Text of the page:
Seven-year-old Christopher Werner said fast pitches are awfully tough for him to hit during baseball season. So he sought guidance from someone who can hit the fast pitches.
Cal Ripken Jr.
Christopher and 944 other Ripken seekers -- more than 700 of themchildren -- journeyed to Aberdeen High School last Saturday for tipson baseball skills from Ripken, his brother, Bill, father, Cal Sr. and major-league coach Jimmy Williams.
The Ripken Baseball Clinic raised about $17,000 for the Harford County Boys and Girls Club, said Charles R. McGough, its executive director.
The club, which operates out of Halls Crossroads Elementary School and Grove Presbyterian Church in Aberdeen, provides programs to keep area children off the streets and given them information to strengthen their social and academic skills.
McGough said the club, which sold tickets at $20 and $25, was ecstatic to have the Ripkens assist the fund-raising effort. Vi Ripken, Cal and Bill's mother, is on the club's board of directorsand encouraged her sons and husband to take part in the event.
The trio were a big hit.
Almost every seat in the auditorium was taken The crowd ringed the basketball court and spilled out the doors. Many of the children wore clothing that let everyone know they were either an Orioles or Ripkens fan.
Eight-year-old Bryan Montambault was fashionably ready for the Ripkens' baseball lessons, decked out ina black Orioles shirt, a white-and-orange team hat, white pants, andblack and orange socks.
Cal Jr. is Bryan's idol. While talking about Ripken, he shyly pulled out a picture of himself with Ripken and former Oriole Larry Sheets taken several years ago.
"It feels likeit's worth a lot of money," he said.
But on this day, said Bryan,"I came just to have fun and play baseball with Cal."
Christopheralso was ready for advice from some major league players, especiallythe Ripkens. He sat, wide-eyed, in the first row of the bleachers with a black Nolan Ryan-autographed glove that held a baseball.
Mostly, though, he watched as Cal and Bill Ripken stood in the middle of the basketball court and lectured about the proper techniques of playing the infield.
"I came for (them) to throw the ball around," said Christopher. "I would like to learn to do better and stuff like that."
Pat Welsh, 13, stood just outside the gymnasium, straining to hear Cal Sr.'s voice at the start of the day's activities. Like many children, he held a ball in his glove and a pen in his hand, hoping for an autograph.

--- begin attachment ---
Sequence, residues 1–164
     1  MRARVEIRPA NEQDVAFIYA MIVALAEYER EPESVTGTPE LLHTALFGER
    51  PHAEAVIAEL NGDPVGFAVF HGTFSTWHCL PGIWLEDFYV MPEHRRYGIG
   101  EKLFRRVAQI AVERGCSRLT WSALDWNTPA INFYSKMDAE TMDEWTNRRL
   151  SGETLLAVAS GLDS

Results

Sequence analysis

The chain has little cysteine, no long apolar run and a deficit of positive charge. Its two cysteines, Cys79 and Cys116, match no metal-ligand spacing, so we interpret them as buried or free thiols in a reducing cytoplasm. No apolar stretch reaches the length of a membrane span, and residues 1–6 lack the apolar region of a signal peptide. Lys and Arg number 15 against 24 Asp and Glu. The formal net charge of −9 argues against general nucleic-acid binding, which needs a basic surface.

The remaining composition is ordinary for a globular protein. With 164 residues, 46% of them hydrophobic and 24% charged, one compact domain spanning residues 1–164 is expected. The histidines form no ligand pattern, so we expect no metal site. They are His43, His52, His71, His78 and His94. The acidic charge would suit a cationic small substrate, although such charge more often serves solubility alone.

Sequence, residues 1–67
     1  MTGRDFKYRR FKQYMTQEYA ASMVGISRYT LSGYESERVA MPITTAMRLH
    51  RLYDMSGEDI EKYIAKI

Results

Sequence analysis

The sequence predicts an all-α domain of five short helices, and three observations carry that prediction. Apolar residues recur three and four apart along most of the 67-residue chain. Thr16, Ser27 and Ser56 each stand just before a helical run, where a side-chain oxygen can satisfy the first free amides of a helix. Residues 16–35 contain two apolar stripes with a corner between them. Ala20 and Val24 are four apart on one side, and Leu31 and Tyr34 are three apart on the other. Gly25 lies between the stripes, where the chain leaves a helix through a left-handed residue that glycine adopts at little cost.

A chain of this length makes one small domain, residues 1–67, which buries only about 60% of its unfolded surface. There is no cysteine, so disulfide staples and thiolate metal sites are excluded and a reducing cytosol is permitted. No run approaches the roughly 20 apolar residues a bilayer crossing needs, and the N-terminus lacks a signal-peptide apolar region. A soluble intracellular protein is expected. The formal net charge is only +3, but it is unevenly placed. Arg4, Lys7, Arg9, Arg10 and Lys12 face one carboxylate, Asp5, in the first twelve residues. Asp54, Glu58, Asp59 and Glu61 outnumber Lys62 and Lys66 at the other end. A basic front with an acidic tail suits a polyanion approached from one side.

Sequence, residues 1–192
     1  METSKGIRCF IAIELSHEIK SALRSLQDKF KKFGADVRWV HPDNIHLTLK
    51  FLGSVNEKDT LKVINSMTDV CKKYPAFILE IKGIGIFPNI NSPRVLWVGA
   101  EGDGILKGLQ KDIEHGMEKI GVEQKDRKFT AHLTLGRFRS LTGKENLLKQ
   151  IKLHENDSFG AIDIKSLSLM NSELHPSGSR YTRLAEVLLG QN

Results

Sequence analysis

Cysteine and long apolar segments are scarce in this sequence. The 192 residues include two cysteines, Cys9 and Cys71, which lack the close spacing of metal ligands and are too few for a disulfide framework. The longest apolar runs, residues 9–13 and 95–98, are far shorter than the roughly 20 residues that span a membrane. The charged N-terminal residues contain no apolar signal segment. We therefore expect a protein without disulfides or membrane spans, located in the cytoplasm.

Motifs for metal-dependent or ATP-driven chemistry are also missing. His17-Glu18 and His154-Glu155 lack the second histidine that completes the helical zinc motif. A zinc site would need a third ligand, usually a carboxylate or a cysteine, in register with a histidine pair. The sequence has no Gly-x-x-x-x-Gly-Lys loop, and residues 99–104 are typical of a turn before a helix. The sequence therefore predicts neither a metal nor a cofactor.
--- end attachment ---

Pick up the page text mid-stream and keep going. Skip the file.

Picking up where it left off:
But for the young teen learning about baseball was more important than autographs, though landing a Ripken autograph did motivate him to make the trek to Aberdeen from Bel Air. "I think it would be a great opportunity to learn some tips from a great local player," said Pat.
Nine-year old Ronald Samuels sat at the edge ofthe basketball court as the Ripken brothers lectured about 50 feet away. Ronald sought some tips with regard to third base.
He was hopeful that the Ripkens' advice could improve his game. Still, he couldnot believe Cal Jr. was so close to him, at times only about 25 feetaway.
"Usually, I'm so far away in the stands at baseball games,"said Ronald, "I can't see him then unless I have binoculars."
Children were not the only ones star-gazing. Adults were snapping pictures or taking videos from the stands or the floor.
McGough was among the adults thrilled to see the Ripkens. "Just to have the excitement of the three Ripkens here, I think, is a statement," he said. "Theycame back to their high school."
The Ripken brothers, both Aberdeen High graduates (as is their mother Vi) returned as the school celebrates its centennial.
Cal and Bill have donated baseball equipment like bats, balls, batting gloves and hats, along with special autographed items to the club, some of which was given out at the clinic.
Knowing that the young baseball enthusiasts have sat through a number of clinics, Cal. Jr. preached patience.
Many kids who like baseball have been to many clinics. Cal Jr. understood that and preachedpatience to the kids to listen throughout the day.
"I sat througha zillion of these things as a kid," he told the youngsters.
The children, however, were simply awed to see the brothers, especially Cal. They quietly sat in the stands with their eyes riveted on Cal as he spoke. Bill got the treatment, too.
As he walked from one end of the gym to the other, showing the correct way to grip the baseball,heads swung back and forth in unison as if watching a tennis match.
Some enterprising youngsters made their way to the edge of the basketball court and were able to lie down only a few feet from their heroes.
McGough said the children "realized these stars were 11 and 12 once; they were just like them. They couldn't turn the double playeither. It takes practice, practice, practice."